Taking Time for Community Safety
Brooklyn Center Police Department
A 2-way community engagement strategy helps police contribute to safe, welcoming communities
“How do I safely identify a police officer at the door?” It was a simple question, but it puzzled the law enforcement officer who heard it at an English as a Second Language class.
“It’s a given to me that if there is a police officer with a badge at the door that… that’s the police, you answer the door,” said Captain Jeff Ankerfelt, Brooklyn Park Police.
“Why did you ask that question?”
A woman from the Ukraine answered, “My brother answered the door for the police and I never saw him again.”
This example from the Brooklyn Centre’s Joint Community Police Partnership (JCPP) training video illustrates the obstacles police face in gaining trust in newcomer communities. This is particularly true in the new suburban cities in the United States that are experiencing significant growth in their foreign-born populations. For example, almost 40% of all students in this Minnesota city of 30,000 come from homes in which a language other than English is spoken. The newly-arrived include Hmong, Latino, South Asian, Somali, and Liberian immigrants.
Cultural and language differences present challenges for most new Americans, sometimes making it difficult to become familiar with local laws and customs. Understanding the role of police in the community is an important part of settling in. At the same time, local police often lack the necessary intercultural understanding and communications support needed to help bridge this gap.
“Working together to build safer communities”
As a new city of migration in the US Midwest, Brooklyn Center police found themselves at an occasionally tense impasse with some of their newest residents. Before the situation could develop into a possible public safety issue, the police decided to forgo “business as usual” and look for partners that could help them find a solution.
In 2005, Brooklyn Center established the Joint Community Police Partnership (JCPP) to build trust between themselves and the area’s new immigrants and refugees. In cooperation with the police departments of neighbouring Brooklyn Park, Richfield, and Hopkins, and with the support of the Hennepin County government and the Northwest Hennepin Human Services Council, the JCPP initiated an intensive community assessment involving representatives of the urban region’s different cultural communities. The aim? A community policing model to enhance communication and understanding between law enforcement and cultural communities.
The motto guiding the JCPP strategy is: “Working together to build safer communities.” Brooklyn Center Police and their partners committed themselves to actively inform newcomers about local police procedures and laws; provide training to officers about cultural diversity, customs and practices; and promote opportunities for positive interaction for both groups. Investing in a two-way process -one that engages both newcomer and receiving community- is a strategy that’s being put to work by police in other jurisdictions, too, such as Newport News, Virginia (Police Take Community Outreach to City Hall).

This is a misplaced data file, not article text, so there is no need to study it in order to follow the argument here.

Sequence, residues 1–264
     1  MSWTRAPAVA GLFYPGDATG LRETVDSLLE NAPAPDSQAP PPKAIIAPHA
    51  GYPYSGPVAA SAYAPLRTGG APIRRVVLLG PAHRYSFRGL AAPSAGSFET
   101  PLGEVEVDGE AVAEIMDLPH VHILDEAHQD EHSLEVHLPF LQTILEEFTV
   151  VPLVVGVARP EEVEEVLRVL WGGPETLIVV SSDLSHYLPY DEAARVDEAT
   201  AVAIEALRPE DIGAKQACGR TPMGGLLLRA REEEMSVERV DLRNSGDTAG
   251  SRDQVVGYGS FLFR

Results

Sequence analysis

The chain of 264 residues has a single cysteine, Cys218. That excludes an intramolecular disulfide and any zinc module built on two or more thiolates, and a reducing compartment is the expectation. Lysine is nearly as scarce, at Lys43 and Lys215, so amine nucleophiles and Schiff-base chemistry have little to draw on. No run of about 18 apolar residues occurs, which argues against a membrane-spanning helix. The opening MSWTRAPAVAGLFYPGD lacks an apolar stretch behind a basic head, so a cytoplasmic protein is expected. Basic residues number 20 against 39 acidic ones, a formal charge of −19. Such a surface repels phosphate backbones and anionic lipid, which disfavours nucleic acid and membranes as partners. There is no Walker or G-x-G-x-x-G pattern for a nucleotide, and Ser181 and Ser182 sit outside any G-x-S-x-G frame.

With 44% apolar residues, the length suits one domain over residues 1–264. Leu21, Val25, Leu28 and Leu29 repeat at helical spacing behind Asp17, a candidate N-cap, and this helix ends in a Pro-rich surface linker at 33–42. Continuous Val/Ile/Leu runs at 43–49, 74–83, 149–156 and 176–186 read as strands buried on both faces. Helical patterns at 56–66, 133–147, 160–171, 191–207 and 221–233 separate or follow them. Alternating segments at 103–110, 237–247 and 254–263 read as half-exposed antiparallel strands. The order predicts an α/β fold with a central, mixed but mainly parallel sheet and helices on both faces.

The JCPP’s strategies include appointing a community liaison officer to promote trust within immigrant communities; providing cultural and language training for police officers; police-led community outreach and workshops delivered through their New Americans’ Academy in refugee resettlement classes and local community centres; and establishing a multicultural advisory committee for ongoing consultation. Finally, the JCPP actively recruits young “multicultural cadets” and offers them counselling on a future career with the police force. An offer of employment is conditional upon the cadet’s completion of training, and success in meeting educational and performance requirements.
“I feel like I am serving as a bridge and as someone that the community can look at and see themselves,” says former multicultural cadet, Officer Todd Nagbo of the Brooklyn Centre Police. “I am someone they can talk to without feeling like they are afraid.”
Since 2005, this program has been successfully replicated in four suburban cities in Hennepin County. In 2009, the JCPP received the Civil Rights Award from the International Association of Police Chiefs.
Making it Work for You:
- Communities evolve and change and successful policing needs to do the same. New thinking can be required to effectively get to know, build trust, understand, respect and work positively with new communities.
- Information sessions on local law and legal process help newcomers appreciate both their rights and their obligations while instilling confidence and a sense of safety.
- Offer training and information sessions for residents in local community centres and classrooms to encourage participation.
- Recruit from newcomer communities for positions within the police and as civilian liaisons
For this Good Idea contact:
Brooklyn Center Police Department , City of Brooklyn Center
6645 Humboldt Ave N
Brooklyn Center, MN, US,